St. Monica, Widow
St. Monica, mother of St. Augustine, the great teacher of sacred wisdom, was a native of Africa. She was doubly a mother to the Saint; for, she not only gave him earthly life, but also spiritual life, by regenerating him for Heaven. Her parents, who were Christians and in comfortable circumstances, brought her up in modesty and virtue. She was devoted to pious exercises from early childhood. Having heard from her mother how pleasing in the sight of God it is to overcome sleep at night, and spend the time in prayer, she forthwith began to rise during the night and pray. Nor was she less devoted to the poor. She often deprived herself of food in order to supply the wants of the indigent. She never evinced any pleasure in vainly adorning her person, but always attired herself according to her station in life. In all her words as well as actions, she endeavored to be decorous and retiring. When grown up, it was her desire to live in virginal purity, but was obedient to her parents who wished her to marry. As a wife her conduct was so exemplary that she might be held up as a model for all married people. Patricius, her husband, tormented his pious wife in a thousand different ways, as he was of a violent temper, immoral, and addicted to many vices. Monica always treated him with love and gentleness, never reproaching him for his vices. She never contradicted him when, giving way to passion, he burst out into manifold curses: but waited until his anger had passed away, and then represented his faults to him with Christian calmness. Praying to God unceasingly for his conversion, she gradually changed him so completely, that he at last led a very edifying life. The women who lived in her neighborhood, and who were acquainted with the passionate temper of Patricius, often wondered that he never struck or otherwise brutally treated her, as their husbands did to them. But Monica told them the reason of it, and taught them to be submissive to their husbands, to meet them with love and gentleness, and above all things, never to contradict them when they were angry, but to bear their faults in patience and silence. But just as anxious as Monica was to live in love and peace with her husband, so was she determined not to permit strife and contention among her household, still less other vices. She had three children, two sons and one daughter, and her greatest care was to give them a Christian education. Augustine, her first born, however, was not obedient, especially after the death of his father, but led a wild, licentious life, regarding neither the admonitions, supplications, nor menaces of his pious mother, until at last, he fell into the heresy of the Manichees.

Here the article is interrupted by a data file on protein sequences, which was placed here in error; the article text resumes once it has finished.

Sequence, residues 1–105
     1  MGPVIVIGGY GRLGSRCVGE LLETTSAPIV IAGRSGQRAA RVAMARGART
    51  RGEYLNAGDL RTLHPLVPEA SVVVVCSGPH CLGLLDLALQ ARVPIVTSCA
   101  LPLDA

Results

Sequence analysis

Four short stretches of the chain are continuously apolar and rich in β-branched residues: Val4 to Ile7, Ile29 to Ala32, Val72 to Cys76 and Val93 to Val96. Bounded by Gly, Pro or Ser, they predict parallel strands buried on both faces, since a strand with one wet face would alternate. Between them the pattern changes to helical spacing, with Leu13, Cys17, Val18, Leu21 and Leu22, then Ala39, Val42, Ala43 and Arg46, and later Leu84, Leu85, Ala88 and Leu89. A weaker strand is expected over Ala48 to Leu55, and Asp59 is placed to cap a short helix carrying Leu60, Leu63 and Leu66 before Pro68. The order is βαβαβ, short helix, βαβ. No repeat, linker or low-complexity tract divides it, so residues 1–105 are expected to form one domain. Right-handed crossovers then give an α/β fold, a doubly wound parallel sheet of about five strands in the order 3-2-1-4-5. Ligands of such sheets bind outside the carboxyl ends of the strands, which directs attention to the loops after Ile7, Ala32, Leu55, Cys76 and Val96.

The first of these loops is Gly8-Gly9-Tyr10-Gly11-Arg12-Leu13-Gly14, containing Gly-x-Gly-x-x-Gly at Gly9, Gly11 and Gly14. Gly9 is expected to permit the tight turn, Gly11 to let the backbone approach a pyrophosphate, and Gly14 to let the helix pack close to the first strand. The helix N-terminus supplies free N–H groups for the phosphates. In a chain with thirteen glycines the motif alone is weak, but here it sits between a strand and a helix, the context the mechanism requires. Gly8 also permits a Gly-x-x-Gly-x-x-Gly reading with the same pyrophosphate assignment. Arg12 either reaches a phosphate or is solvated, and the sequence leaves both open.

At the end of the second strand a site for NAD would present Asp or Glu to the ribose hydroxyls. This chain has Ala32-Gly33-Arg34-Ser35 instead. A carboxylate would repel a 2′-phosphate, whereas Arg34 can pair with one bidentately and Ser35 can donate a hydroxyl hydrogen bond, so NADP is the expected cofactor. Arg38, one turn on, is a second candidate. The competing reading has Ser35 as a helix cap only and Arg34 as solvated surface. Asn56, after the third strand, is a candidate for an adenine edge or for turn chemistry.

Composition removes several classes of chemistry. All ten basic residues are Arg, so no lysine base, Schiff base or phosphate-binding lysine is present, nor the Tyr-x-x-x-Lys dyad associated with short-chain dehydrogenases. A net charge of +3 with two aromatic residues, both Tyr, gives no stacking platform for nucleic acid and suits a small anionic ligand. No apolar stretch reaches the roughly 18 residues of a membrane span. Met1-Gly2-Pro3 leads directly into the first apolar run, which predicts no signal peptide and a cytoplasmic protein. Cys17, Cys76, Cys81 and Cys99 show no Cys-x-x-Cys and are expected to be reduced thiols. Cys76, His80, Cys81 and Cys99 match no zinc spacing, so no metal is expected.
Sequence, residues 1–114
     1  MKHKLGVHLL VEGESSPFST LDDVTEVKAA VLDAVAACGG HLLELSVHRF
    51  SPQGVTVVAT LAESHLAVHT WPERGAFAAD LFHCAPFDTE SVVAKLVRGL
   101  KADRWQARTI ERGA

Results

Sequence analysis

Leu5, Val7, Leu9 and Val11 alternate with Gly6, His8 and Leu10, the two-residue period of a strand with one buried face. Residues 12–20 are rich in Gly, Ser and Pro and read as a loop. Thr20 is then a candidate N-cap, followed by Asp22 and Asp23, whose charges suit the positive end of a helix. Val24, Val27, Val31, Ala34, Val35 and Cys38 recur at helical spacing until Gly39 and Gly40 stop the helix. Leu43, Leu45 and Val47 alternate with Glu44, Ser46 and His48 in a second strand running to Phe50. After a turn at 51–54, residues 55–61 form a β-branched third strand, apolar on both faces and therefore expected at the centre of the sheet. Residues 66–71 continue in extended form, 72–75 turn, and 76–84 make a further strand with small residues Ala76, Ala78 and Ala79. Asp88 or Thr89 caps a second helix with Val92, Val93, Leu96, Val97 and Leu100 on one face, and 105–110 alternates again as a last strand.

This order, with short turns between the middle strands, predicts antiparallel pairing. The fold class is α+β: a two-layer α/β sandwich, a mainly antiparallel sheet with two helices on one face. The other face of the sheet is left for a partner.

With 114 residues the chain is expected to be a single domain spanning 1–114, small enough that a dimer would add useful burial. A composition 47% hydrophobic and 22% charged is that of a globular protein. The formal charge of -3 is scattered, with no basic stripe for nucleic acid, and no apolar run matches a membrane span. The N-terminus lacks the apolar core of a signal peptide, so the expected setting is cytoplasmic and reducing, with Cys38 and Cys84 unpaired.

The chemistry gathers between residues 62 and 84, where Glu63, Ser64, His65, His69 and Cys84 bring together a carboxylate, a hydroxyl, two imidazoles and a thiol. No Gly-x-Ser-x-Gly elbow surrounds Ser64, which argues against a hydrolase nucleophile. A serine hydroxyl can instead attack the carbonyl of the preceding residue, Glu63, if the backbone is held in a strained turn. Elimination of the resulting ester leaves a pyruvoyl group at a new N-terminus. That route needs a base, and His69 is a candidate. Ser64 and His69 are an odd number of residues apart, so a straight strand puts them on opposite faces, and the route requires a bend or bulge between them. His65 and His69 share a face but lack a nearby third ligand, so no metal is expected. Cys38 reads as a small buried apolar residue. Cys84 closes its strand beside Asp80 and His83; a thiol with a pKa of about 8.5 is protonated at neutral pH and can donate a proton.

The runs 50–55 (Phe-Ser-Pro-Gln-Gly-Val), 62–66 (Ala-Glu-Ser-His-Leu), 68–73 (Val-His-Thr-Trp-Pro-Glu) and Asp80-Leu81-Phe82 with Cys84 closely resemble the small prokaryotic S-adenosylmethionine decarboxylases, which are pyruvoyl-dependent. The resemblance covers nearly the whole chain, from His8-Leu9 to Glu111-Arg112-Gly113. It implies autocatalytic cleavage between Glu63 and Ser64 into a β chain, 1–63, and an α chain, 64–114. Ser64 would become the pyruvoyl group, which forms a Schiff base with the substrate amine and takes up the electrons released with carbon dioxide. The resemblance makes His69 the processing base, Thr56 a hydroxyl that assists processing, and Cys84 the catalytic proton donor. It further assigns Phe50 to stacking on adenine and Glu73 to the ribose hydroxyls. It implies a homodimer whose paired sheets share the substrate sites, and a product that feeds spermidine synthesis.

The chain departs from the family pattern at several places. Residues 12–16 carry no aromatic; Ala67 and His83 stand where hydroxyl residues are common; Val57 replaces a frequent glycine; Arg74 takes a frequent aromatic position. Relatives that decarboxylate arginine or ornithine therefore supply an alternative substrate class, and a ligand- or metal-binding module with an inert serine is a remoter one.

Meanwhile Monica regulated her widowhood entirely after the precepts which St. Paul gives in his first Epistle to his disciple Timothy. She was liberal towards the poor, assisted daily at Holy Mass, listened eagerly to the word of God, spent no time in idle gossiping, or in walking about; but read devotional books, prayed and worked. She would hear nothing of worldly pleasures, and still less of fine garments or other vanities. She loved solitude and lived a retired and peaceful life, her only trouble being the vicious conduct of her son. Shedding many tears, she prayed almost day and night to God for his conversion, and requested others, both of the Clergy and the laity, to pray for the same object. As she one day asked a bishop for his prayers, he said to her: “Go in peace, a son for whom his mother sheds so many tears cannot perish.” These words gave her some comfort, but she derived still more consolation from a vision in which God distinctly announced to her the conversion of her son.